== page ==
Lawline Online Course: A field Manual for Involuntary Bankruptcies - Thursday, 11/5/2020 at 3:00pm EST
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When it comes to business torts, folks like calling their wrongdoers “racketeers.” It’s not just because it sounds evil. Claims under the federal Racketeering and Corrupt Organizations Act, (“RICO”) 18 U.S.C. §1961 et seq, carry treble damages. 1
However, as lethal as RICO sounds, implementing it gives it dubious value. Courts scrutinize RICO claims. One court summarized:
It has been suggested that “the civil provisions of [RICO] are the most misused statutes in the federal corpus of law . . . (“I surmise that every member of the federal bench has before him or her at least one-and possibly more-garden variety fraud or breach of contract cases that some Plaintiff has attempted to transform into a vehicle for treble damages by resort to what [has been] referred to as ‘the litigation equivalent of a thermonuclear device’-a civil RICO suit.”) 2
It warned, “courts must be wary of putative civil RICO claims that are nothing more than sheep masquerading in wolves’ clothing.” 3
Likewise, clients must be aware that Courts recognize funky-clad wolves easily.
It’s easy to say “he’s a #@%*&! racketeer.” It’s much harder to craft a complaint asserting a viable RICO claim seeking RICO damages.
RICO claims have technical requirements. 4 Even the best drafted RICO complaints invite motions to dismiss, asserting that the requirements are unmet. If you insist on asserting RICO, anticipate spending tens of thousands of dollars proving that your complaint’s contents assert a RICO claim. That’s just for the right to prove the facts stated in your complaint.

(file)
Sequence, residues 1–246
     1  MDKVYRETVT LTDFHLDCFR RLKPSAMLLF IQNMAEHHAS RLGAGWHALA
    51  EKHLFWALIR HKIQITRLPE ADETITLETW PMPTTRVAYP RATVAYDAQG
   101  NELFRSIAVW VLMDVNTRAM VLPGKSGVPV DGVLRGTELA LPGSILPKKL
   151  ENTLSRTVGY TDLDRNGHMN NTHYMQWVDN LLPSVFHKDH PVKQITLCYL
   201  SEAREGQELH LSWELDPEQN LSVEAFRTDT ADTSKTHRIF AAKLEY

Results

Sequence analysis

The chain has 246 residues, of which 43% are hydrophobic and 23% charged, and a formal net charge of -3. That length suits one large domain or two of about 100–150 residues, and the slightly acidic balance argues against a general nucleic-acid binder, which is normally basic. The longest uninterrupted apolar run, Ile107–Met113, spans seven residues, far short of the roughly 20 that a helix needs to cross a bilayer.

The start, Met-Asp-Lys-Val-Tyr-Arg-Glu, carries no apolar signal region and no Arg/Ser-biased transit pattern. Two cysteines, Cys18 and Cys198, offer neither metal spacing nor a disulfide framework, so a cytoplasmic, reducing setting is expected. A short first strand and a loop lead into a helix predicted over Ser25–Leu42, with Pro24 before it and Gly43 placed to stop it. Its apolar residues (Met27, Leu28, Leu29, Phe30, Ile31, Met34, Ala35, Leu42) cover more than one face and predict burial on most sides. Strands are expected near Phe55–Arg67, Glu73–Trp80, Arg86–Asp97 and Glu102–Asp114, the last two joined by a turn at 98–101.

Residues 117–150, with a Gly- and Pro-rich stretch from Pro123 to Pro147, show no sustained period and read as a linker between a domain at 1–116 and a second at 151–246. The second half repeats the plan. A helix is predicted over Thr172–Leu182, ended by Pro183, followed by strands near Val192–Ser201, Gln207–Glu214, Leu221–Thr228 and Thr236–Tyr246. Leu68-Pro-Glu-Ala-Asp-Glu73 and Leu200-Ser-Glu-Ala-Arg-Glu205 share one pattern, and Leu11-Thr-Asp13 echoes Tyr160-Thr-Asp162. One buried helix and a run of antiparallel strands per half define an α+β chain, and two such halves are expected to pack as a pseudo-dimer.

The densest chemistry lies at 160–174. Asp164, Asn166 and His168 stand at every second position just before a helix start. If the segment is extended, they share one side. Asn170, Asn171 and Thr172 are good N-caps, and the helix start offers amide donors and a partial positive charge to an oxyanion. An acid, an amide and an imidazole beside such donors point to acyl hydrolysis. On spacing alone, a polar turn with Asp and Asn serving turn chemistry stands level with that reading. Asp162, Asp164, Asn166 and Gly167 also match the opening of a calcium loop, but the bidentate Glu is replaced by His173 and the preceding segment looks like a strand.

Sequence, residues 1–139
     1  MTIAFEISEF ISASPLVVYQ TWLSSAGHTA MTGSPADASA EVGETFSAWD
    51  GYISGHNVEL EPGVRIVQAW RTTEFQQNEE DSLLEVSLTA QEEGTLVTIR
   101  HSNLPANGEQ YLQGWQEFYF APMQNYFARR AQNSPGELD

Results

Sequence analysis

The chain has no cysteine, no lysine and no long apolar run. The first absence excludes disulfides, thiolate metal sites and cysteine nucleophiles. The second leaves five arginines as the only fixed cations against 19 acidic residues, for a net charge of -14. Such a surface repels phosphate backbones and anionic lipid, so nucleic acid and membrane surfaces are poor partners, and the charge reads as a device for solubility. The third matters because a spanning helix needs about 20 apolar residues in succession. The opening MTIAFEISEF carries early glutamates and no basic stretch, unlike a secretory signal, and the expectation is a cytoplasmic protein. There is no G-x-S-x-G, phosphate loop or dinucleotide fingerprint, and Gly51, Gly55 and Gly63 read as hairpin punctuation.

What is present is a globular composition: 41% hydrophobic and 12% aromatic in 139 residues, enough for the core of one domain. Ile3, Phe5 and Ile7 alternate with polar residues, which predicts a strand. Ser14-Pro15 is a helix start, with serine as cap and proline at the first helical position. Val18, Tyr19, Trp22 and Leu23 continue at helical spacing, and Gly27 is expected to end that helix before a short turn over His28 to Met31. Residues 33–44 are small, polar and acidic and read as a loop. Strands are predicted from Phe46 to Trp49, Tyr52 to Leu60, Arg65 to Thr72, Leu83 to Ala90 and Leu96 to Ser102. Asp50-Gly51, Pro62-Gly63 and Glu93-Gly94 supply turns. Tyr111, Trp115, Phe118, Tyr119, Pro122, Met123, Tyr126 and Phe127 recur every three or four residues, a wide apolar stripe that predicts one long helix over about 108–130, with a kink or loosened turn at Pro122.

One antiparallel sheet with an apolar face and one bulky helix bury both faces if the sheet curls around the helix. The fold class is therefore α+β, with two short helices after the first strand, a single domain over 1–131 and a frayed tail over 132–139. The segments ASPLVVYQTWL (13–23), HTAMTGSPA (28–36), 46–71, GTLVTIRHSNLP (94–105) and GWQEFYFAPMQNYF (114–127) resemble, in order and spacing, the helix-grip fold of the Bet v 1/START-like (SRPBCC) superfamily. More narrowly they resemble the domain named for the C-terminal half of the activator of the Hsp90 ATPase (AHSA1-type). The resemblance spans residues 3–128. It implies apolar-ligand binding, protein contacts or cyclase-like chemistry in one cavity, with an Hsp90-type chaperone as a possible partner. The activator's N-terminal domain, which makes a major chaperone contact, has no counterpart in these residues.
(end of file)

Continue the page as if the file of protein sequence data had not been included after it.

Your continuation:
Consider those fees a membership fee for joining the RICO plaintiffs’ club. However, joining the club does not make you a winner. Our experience defending RICO cases results in all or most of the RICO claims being dismissed at the case’s initial stage. Odds are that this is not a club worth joining.
The critique yields the remedy. Many RICO cases are “garden variety fraud or breach of contract cases.” 5 So, “be as you are.” 6
Fraud claims can yield punitive or exemplary damages exceeding RICO treble damages. 7 Similarly, aiding and abetting fraud or aiding and abetting breach of fiduciary duty claims can merit punitive damages. These claims can arise from fraud or breach of contract claims. They can expand the universe of defendants to the scope of racketeering enterprise. All this without the RICO entry fee.
This does not say that RICO alternatives are a “walk in the park.” Anticipate motions to dismiss. However, the pleading requirements for these RICO alternatives are less burdensome. Therefore, defending those motions is less expensive. Plus, a positive outcome is more likely. So, you can proceed to prove your case sooner with a preserved warchest.
We counsel clients interested in commencing RICO actions. We discuss their claims and the hurdles discussed above. We always remind them that this is about money, not righteous indignation. What’s the objective? Being compensated for as much as possible as soon as possible? Or, the high priced ability to point to the pilloried racketeer. Generally, we find the bragging rights go to the former.
1 18 U.S.C. § 1964.
2 West 79th Street Corp. v. Congregation Kahl Minchas Chinuch 2004 WL 2187069 *5 (S.D.N.Y.) (Citations omitted).
3 Id. See also, Holmes v. Parade Place, LLC, 2013 U.S. Dist. LEXIS 143915 (S.D.N.Y. Aug. 5, 2013)
4 Greyhound Fin. Corp. v. Willyard, 1989 U.S. Dist. LEXIS 16040 (D. Utah), Grado v. Gross, 1984 U.S. Dist. LEXIS 24242 (D. Mass.) Ralston v. Capper, 569 F. Supp. 1575, 1581 ( E.D. Mich. 1983)(1984)(“Court must insist that the statutory language be strictly adhered to. It necessarily follows that the Court must also insist that plaintiffs adhere to statutory requirements in pleading their claim.”)
5 West 79th Street Corp. v. Congregation Kahl Minchas Chinuch 2004 WL 2187069 *5 (S.D.N.Y.) (Citations omitted).
6 Thanks to Kenny Chesney for that quote.
7 The Supreme Court held that when punitive damages are singledigit multiples of compensatory damages they are “more likely to comport with due process” State Farm Mut. Auto. Ins. Co. v. Campbell, 538 U.S. 408, 425, 123 S. Ct. 1513, 155 L. Ed. 2d 585 (2003). Where the compensatory damages are not large, a higher ratio between the punitive and compensatory damages will generally comport with due process. Bowles v. Osmose Utils. Servs., 443 F.3d 671, 674675 (8th Cir. 2006).